Our weather has finally turned. Gone are the hot, dry baking days.
The last week has been cool. All night long the rain pounds on our flat roof, a soothing sound that makes me want to tuck deeper into the warm covers.
I thought I might not catch the rising Hunters Moon, but then it crested the cloud banks over Tonto National Forest, in all its radiant glory.
We lead fortunate lives, that we don't worry about hunting for the winter. We may fret about paying the credit card bill or defaulting on the mortgage, but we aren't watching the descending long nights with trepidation, wondering if we've put enough food by to last all the way though deep winter and spring blizzards. We don't look at our children and wonder which won't be around for the next summer.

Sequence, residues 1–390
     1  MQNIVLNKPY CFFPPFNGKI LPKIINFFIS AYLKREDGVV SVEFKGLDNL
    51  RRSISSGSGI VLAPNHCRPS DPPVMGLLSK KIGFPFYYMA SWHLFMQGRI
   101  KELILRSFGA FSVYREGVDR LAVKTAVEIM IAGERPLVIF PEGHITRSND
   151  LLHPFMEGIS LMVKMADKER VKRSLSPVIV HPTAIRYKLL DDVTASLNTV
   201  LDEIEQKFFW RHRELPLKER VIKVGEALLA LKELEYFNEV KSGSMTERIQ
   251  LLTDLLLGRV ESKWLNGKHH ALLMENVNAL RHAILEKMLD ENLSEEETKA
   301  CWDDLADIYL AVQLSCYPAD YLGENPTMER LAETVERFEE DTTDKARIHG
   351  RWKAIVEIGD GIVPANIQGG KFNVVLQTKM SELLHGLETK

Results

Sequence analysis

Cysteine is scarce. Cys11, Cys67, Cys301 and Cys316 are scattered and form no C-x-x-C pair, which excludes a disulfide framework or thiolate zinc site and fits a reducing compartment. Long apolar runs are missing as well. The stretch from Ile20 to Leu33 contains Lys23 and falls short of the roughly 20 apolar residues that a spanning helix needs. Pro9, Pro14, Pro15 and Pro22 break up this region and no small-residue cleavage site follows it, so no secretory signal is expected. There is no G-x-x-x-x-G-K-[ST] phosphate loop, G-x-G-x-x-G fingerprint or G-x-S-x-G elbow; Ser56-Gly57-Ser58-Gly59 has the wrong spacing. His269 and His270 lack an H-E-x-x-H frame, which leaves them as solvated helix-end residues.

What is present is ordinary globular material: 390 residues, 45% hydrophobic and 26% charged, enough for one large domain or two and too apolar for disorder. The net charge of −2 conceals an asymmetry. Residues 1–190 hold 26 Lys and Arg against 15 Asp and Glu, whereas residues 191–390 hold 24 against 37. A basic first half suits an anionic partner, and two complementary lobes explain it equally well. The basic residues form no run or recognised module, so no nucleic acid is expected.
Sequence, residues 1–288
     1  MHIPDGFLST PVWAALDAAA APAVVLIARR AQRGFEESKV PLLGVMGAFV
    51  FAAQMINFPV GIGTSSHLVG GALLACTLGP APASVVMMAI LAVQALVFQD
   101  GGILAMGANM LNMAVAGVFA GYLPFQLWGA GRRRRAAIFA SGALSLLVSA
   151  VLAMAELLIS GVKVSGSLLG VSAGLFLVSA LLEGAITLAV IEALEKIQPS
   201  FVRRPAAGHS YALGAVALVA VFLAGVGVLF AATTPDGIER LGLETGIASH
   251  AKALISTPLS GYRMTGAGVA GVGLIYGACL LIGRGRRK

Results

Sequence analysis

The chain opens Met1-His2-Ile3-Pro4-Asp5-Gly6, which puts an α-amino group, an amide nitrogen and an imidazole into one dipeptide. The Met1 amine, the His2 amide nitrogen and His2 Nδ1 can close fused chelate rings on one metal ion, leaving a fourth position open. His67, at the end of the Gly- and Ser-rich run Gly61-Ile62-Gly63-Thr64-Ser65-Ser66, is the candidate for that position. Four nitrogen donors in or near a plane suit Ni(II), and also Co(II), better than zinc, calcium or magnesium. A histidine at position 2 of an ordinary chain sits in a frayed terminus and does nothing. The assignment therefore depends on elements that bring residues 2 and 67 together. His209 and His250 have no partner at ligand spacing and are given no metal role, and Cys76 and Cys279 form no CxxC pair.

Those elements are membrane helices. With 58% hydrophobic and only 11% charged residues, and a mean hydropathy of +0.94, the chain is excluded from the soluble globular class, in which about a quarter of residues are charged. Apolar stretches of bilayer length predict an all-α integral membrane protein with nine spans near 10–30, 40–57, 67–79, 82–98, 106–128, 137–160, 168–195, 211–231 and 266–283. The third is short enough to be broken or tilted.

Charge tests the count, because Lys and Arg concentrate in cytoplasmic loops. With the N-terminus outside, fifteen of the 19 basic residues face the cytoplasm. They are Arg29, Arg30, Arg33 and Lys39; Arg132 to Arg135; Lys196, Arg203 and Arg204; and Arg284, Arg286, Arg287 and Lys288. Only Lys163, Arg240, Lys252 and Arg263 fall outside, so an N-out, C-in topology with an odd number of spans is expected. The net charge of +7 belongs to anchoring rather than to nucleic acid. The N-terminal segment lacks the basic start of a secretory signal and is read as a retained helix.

Perhaps worry is worry and the subject doesn't matter.
It's human nature, I suppose, to take the blessings for granted and focus on what we don't have. We angst about what people might think of us, whether we can win the lottery and get that million dollars, if that agent will request a full manuscript. It's not that these concerns aren't important. If they weren't meaningful to us, they wouldn't occupy our attention.
But we're not counting on the full moon to give us a little more light to hunt by either. Instead, it's just a beautiful orb, illuminating the night.
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